Totally. I’m so shy, and I always let the other person in the band take control a little because it’s more comfortable for me. But it’s important to push yourself outside of your comfort zone. I find the idea of playing shows terrifying, but I still do it every day. It’s kinda like that I guess, just pushing your ideas out there, despite your shyness or fear. I thought to myself, the worst thing would be that people think that what I’m doing is bad. But really, that’s not that bad! So I just did it.

Shyness should never be a reason to not do something. I guess I felt “too shy” for a long time, but after a while, you just have to do something—you want it so much it doesn’t matter anymore.

Did you consciously decide, “I’m going to do this on my own and just see what happens.” Or did you have a vision for what your solo project would look like?

It was no conscious decision, it was more that I slowly, after maybe three years, had all these ideas, thematic and musical ideas that I had collated and considered. It slowly became a body of work that seemed to fit together. It was then I realised…this is an LP! And it was a great moment. That stuff is what became Turning.

What’s different about your forthcoming LP Free Agent from your first Turning?

I would say that Turning is really intense. It has lots of emotions! Which is really good, but it’s certainly not upbeat. It’s kind of detached and sad music, which I really like. But Free Agent is more of a natural evolution. Every emotion can’t be sustained, and we are all evolving. Free Agent marks the next “chapter” of my life, a period of intense global travel, confusion (but good confusion!), introspection (good introspection!), and total freedom. Turning was definitely more of a reflection on every sad moment in my life, but in that sense it’s cathartic. Like Kathy Acker says, “I write it to get it out of me, I don’t write to remember it.”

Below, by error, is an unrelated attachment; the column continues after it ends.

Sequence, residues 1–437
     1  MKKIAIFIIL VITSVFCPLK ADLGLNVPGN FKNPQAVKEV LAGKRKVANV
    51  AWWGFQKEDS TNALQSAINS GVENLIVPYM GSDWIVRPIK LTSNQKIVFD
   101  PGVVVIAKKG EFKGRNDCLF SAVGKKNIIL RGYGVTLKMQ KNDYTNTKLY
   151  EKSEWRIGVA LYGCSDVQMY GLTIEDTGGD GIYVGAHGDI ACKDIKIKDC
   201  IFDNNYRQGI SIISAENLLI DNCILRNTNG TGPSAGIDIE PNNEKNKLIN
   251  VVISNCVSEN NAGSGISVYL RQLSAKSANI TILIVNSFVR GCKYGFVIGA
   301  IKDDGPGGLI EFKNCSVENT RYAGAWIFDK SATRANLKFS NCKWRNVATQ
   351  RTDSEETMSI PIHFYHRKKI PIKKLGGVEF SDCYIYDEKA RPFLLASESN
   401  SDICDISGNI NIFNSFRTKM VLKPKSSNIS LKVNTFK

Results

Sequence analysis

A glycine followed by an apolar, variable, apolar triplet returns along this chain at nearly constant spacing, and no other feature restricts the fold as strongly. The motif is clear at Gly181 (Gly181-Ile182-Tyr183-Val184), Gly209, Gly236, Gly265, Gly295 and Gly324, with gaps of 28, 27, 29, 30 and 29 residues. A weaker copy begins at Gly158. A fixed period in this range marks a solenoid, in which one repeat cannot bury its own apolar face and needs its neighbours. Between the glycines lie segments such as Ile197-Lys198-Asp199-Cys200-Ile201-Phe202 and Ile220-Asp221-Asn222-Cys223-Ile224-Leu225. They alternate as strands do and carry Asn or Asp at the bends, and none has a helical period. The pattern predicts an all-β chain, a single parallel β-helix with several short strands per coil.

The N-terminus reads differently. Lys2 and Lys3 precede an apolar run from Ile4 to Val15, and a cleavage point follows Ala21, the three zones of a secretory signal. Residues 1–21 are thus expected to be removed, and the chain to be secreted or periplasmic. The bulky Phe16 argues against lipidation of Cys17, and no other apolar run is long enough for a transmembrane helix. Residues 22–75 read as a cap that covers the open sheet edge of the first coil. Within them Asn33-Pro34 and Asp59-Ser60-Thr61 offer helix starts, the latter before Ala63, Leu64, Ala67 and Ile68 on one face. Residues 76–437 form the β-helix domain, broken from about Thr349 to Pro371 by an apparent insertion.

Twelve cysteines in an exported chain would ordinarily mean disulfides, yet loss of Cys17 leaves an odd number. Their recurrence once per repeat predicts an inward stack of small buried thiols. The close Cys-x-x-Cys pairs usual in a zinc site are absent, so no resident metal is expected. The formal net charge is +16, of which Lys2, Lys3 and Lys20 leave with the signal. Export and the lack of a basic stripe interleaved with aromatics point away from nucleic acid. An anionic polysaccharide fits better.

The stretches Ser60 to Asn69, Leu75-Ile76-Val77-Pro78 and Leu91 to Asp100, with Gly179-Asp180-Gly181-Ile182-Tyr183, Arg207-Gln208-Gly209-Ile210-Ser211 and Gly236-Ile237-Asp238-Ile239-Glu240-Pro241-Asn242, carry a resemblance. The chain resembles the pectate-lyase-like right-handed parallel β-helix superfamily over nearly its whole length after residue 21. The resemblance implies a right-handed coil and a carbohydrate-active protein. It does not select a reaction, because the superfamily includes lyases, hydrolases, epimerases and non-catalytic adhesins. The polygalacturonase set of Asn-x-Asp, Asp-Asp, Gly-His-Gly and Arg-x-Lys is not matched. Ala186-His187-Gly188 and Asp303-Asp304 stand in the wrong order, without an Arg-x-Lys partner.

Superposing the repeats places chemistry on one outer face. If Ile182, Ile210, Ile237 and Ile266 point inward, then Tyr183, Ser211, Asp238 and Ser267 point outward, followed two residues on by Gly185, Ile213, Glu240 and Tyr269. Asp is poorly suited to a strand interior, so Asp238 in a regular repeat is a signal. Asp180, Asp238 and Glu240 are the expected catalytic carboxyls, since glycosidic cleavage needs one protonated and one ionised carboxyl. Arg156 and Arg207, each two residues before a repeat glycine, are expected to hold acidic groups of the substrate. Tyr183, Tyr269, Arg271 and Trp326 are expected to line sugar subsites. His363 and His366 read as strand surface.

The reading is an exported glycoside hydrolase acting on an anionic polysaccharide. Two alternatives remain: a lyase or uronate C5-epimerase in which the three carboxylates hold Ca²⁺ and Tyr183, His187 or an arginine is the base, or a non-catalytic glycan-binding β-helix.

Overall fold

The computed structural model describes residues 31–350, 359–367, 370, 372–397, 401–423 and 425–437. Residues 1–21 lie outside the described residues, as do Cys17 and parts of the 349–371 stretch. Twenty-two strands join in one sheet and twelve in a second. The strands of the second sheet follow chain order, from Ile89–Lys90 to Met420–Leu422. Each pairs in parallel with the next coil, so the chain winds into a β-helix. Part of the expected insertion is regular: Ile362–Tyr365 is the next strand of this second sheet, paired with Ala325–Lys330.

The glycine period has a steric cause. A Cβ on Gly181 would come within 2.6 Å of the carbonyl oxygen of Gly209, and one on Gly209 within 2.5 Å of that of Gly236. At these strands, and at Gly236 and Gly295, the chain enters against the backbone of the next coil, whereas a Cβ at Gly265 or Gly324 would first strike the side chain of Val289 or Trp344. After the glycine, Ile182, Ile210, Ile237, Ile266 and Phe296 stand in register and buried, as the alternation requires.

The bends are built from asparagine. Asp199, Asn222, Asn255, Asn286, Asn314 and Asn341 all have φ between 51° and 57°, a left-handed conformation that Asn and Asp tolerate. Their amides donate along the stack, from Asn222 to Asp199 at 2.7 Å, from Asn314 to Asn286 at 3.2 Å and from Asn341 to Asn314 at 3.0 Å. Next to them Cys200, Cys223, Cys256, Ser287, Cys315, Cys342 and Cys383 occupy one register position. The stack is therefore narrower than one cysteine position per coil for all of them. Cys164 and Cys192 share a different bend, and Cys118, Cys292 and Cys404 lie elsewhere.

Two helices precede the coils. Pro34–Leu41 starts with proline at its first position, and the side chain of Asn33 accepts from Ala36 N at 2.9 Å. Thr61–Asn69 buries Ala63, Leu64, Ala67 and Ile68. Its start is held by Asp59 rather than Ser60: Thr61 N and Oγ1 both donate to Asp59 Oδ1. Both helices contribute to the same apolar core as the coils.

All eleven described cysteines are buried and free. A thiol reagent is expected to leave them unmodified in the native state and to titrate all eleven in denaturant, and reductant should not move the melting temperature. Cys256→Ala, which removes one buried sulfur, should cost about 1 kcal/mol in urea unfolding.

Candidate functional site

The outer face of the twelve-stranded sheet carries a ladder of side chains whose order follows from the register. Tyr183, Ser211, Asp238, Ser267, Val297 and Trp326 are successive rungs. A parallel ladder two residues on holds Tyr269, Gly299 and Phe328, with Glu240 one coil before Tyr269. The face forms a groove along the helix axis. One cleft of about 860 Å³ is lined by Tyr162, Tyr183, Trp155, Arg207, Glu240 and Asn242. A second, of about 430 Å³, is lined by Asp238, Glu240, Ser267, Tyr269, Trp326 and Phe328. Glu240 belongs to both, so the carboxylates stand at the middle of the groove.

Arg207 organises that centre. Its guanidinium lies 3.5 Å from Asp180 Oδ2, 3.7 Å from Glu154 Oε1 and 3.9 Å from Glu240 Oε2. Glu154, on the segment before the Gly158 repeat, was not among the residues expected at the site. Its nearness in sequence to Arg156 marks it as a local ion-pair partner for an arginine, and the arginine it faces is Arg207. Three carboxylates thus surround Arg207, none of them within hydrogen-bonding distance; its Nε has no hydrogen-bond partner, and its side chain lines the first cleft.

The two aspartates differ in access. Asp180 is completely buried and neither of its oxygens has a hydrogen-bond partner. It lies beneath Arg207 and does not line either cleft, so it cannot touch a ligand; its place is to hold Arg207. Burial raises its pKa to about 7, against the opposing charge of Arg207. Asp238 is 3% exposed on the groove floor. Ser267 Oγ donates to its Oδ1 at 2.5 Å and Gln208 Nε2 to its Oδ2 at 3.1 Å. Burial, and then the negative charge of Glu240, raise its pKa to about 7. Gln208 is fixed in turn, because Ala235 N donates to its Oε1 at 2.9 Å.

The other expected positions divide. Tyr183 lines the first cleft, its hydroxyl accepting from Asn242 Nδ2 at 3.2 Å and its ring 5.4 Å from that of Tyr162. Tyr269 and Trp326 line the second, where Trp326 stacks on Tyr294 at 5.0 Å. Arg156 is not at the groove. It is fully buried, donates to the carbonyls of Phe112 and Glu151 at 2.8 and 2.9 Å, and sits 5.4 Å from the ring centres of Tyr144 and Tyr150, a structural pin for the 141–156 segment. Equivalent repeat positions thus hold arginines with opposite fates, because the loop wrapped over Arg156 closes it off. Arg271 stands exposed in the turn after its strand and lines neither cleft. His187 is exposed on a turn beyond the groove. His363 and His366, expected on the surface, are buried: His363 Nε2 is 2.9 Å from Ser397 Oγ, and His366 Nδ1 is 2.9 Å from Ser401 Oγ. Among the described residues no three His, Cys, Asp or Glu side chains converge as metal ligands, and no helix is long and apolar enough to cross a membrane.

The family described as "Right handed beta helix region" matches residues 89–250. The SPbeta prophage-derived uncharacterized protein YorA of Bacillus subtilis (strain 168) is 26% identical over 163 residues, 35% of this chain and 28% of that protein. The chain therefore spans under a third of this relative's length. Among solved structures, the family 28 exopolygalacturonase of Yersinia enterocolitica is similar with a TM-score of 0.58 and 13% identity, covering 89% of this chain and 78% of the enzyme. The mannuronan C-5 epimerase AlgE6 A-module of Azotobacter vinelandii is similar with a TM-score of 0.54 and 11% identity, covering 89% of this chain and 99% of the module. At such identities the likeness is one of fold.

You once said you hoped people would listen to Turning while lying on the floor in their bedroom looking up at the ceiling. I love that image! How should people listen to Free Agent?

I imagine people listening to it—maybe this is too specific—on headphones, maybe riding a bus around a familiar town, thinking about everything about that place that is familiar to you, and everything that has changed, and how the places you pass through are imbued with relationships, events, and things that no longer exist. But not feeling saddened by any of these things, feeling sublimely happy and relaxed.

I was stalking an old Tumblr you have called Tiny Fragments that has photos you took in Greece, America, and Australia. Do you still take photographs?

Yep, I’m a novice photographer! I love to take photos. It’s the best way to remember places, taking photos on 35-millimeter camera. On reflection, you are reminded of how beautiful the world really is.

You also reference Martin Heidegger and Charles Baudelaire. Does philosophy influence your music? What are you reading right now?

I’m reading a few things, Kathy Acker’s Kathy Goes to Haiti. It’s so fun. She is constantly inspiring. I just read I’m Very Into You, which is the correspondence between her and McKenzie Wark and it was beautiful and fascinating. I want to read all of her work. I’m also reading a book on the artist Len Lye who made amazing 8-millimeter films, and Forgiveness by Vladimir Jankelevitch which is philosophy.

Philosophy is a lifelong interest of mine and it does play into my music. But from a creative point of view, music creation is very ephemeral and organic to me—for others it’s different. Ideas interplay, but they are mainly using different organs: music using my heart and philosophy my head. ♦